Professor Mike Barlow with the Department of Physics and Astronomy at University College London and his team from the European Space Agency's Herschel Space Observatory announced the first discovery of noble gas in the known universe outside of Earth in the Dec. 12, 2013, issue of the journal Science.
Argon gas does not react with other elements at normal temperatures. The temperatures necessary to form an ionized hydride gas were produced by the star that went supernova and formed the Crab Nebula. Energy from the neutron star at the heart of the nebula appears to have ionized the argon, which then joined with molecules of hydrogen to form the molecular ion argon hydride (ArH+). The isotope of argon that formed the argon hydride ion was determined to be argon-36 by spectroscopic measurement and confirmed by rotational frequency correlation with known isotopes and compounds.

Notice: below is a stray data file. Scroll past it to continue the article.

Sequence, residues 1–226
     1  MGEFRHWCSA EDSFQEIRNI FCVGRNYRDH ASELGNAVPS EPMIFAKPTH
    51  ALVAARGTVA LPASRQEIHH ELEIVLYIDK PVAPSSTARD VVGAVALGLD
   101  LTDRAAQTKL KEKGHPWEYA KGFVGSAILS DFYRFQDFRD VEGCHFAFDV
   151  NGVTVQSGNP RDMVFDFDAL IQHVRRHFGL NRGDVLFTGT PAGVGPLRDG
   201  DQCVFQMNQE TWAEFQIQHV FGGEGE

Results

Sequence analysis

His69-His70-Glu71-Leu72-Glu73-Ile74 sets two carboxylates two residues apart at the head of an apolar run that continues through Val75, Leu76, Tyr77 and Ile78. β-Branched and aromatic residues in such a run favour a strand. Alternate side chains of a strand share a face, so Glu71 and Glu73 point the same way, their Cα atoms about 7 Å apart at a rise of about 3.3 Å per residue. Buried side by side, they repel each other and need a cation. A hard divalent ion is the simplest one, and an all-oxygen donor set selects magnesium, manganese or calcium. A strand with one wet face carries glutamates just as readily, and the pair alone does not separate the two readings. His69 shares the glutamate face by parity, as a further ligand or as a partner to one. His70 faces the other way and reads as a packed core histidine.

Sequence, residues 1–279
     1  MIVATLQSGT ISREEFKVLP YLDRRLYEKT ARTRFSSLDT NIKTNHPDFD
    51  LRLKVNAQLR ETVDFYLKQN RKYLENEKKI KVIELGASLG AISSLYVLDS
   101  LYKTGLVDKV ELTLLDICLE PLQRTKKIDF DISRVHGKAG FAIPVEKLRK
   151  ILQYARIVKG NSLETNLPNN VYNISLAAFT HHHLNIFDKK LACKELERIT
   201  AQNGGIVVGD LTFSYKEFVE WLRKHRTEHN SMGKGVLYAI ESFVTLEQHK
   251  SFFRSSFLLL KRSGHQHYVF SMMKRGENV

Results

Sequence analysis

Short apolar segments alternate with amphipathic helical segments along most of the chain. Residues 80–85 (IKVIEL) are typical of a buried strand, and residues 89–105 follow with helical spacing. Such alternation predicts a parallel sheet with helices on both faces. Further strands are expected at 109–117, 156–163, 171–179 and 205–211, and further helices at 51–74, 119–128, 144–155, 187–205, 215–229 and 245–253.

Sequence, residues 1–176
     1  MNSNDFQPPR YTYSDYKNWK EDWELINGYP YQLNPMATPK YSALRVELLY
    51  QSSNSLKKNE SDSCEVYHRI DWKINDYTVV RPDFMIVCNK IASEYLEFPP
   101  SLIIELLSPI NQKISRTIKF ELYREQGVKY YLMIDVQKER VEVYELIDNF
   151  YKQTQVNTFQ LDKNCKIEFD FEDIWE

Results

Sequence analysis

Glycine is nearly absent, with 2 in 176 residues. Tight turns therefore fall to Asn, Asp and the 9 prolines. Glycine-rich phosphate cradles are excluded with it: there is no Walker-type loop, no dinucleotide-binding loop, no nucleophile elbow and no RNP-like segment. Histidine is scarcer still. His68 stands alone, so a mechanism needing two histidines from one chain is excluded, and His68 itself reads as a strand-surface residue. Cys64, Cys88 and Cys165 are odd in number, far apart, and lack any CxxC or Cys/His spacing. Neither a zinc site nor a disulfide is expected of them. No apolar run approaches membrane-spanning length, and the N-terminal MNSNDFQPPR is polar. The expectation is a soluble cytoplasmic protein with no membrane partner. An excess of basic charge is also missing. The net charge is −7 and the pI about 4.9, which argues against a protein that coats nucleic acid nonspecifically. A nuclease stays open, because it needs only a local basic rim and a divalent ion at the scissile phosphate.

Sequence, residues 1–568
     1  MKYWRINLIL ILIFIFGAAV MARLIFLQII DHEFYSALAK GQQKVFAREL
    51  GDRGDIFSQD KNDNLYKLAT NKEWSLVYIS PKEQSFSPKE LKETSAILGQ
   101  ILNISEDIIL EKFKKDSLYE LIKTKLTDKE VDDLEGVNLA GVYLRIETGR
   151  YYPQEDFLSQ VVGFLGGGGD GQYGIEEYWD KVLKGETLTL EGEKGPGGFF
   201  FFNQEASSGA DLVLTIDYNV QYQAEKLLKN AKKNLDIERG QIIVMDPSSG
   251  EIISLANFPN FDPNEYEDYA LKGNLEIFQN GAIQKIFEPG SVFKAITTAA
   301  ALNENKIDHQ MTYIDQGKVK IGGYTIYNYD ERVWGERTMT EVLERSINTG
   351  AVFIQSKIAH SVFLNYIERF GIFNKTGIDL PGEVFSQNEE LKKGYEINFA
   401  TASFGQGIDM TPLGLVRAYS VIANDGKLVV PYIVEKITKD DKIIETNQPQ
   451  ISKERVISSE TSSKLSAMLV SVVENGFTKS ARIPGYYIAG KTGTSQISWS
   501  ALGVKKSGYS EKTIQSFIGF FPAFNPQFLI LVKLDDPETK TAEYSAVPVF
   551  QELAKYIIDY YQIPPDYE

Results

Argon-40 is the dominant isotope form of argon on Earth and is known to decay to argon-36. The environment of a supernova is now considered to be preferential for the formation of argon-36.
This is the first time any noble gas or any noble gas compound has ever been definitely observed in an environment outside of Earth.